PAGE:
Cannes feud

A battle between Netflix and France’s Cannes Film Festival has been raging since 2017, but are we finally seeing the first signs of a possible peace between the two entities?

Earlier this week, Netflix CEO Reed Hastings admitted that Netflix “made mistakes” during the streaming service’s tussle with the prestigious French film festival, marking the first time that anyone on either side has blinked in this particular staring contest. Read Hastings’ full comment about Netflix’s Cannes feud below.

Deadline reports that Hastings was speaking at a conference in France when he admitted that his company was at least partially at fault for the brouhaha that’s surrounded Netflix and Cannes.

“We have a reputation as a disruptor, sometimes we make mistakes. We got into a bigger situation with Cannes than we meant to.”

In 2017, Bong Joon-ho’s Okja and Noah Baumbach’s The Meyerowitz Stories sparked controversy for being accepted into the festival, but not adhering to a French law that requires movies to wait three years between playing in theaters and appearing on a streaming service. It became a whole thing, and eventually got so bad that just the mere sight of the Netflix logo before a film screening caused festival-goers to boo.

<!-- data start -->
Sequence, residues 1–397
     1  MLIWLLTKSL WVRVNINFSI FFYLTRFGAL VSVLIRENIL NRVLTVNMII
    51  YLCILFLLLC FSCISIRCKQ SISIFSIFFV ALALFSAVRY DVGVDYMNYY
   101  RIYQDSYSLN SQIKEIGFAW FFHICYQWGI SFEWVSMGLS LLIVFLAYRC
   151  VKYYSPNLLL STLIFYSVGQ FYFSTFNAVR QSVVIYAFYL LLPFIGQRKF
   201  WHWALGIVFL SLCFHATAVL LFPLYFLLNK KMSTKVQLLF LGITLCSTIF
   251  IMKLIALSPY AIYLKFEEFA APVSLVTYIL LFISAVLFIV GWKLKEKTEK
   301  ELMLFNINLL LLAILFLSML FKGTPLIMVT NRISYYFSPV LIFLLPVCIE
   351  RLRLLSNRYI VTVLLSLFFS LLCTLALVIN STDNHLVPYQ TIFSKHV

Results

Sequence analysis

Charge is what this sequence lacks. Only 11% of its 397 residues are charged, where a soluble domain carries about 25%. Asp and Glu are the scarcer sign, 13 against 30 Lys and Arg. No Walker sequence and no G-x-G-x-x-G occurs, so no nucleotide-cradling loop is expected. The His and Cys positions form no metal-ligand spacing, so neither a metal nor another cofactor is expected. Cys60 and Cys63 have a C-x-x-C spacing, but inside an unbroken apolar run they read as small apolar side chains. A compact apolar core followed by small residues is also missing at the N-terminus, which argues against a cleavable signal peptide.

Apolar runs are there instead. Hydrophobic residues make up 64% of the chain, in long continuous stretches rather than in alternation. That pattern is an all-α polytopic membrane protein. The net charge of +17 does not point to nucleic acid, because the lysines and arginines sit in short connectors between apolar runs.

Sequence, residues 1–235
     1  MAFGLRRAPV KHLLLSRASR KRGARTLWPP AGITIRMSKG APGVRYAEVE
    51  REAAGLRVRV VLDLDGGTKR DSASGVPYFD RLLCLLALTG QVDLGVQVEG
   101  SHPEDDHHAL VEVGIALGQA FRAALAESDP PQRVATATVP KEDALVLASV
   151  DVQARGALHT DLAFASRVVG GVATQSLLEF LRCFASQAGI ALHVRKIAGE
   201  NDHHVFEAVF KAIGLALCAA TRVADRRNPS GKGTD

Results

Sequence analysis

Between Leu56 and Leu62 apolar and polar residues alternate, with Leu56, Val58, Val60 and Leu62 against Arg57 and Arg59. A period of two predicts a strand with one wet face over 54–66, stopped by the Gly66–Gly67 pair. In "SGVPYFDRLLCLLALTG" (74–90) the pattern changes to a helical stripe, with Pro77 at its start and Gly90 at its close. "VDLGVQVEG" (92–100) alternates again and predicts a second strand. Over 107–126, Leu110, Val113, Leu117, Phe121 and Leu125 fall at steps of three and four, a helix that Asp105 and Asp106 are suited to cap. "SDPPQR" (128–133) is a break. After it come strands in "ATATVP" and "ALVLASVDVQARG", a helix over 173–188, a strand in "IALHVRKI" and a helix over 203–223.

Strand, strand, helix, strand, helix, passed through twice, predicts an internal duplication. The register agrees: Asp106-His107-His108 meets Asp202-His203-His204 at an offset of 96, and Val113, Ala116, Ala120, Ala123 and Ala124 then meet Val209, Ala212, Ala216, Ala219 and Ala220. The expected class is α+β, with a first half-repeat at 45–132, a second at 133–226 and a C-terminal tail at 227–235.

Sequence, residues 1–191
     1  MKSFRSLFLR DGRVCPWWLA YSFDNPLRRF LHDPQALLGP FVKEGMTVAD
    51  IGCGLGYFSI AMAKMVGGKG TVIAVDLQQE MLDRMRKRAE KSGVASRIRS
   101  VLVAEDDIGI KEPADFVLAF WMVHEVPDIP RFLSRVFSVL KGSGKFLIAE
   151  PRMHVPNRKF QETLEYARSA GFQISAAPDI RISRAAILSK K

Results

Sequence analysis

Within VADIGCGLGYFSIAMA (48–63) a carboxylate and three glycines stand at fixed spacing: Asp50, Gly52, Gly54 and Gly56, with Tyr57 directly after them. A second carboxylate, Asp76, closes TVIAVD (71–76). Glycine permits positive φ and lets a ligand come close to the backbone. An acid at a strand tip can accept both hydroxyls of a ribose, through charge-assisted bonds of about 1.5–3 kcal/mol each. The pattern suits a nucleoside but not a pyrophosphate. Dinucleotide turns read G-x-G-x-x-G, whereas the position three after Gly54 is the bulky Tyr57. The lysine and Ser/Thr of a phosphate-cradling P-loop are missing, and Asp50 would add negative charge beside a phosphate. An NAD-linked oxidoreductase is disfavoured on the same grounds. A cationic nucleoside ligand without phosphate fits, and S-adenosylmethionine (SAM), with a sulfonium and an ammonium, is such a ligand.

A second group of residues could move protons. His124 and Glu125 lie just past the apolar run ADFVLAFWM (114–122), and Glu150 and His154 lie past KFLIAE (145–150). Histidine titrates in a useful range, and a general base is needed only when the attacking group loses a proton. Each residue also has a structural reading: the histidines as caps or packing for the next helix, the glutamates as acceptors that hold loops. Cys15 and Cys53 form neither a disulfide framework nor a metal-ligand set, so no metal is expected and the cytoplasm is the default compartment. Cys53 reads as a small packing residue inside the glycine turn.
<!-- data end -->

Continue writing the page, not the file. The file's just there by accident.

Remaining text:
This year was no less contentious. After failing to convince the streamer to play by their rules the year before, Cannes banned Netflix movies from competition in the 2018 fest, which resulted in Netflix taking its ball and going home – the streaming service pulled all of its movies out of the festival, even the ones that were going to play out of competition, like Orson Welles‘s The Other Side of the WindAlfonso Cuarón‘s RomaPaul Greengrass‘s Norway, Jeremy Saulnier‘s Hold the Dark, and Morgan Neville’s Orson Welles documentary They’ll Love Me When I’m Dead.

“The history of cinema and the history of the internet are two different things,” said Cannes festival head Theirry Fremaux, which led many to wonder if these two entities would ever see eye to eye. But Hastings’ recent comments imply that he’s at least willing to step aside in this game of chicken – now all we have to do is wait to see if Hastings actually goes the extra mile to agree to the French regulations in the future, or if he’ll try to get Fremaux to meet Netflix halfway somehow.

“We love Cannes,” Hastings insisted. “We’ve been many years and have buyers going this year. They are very sincere at finding a model that works for them and us.”

We’ll keep you posted when we hear more.

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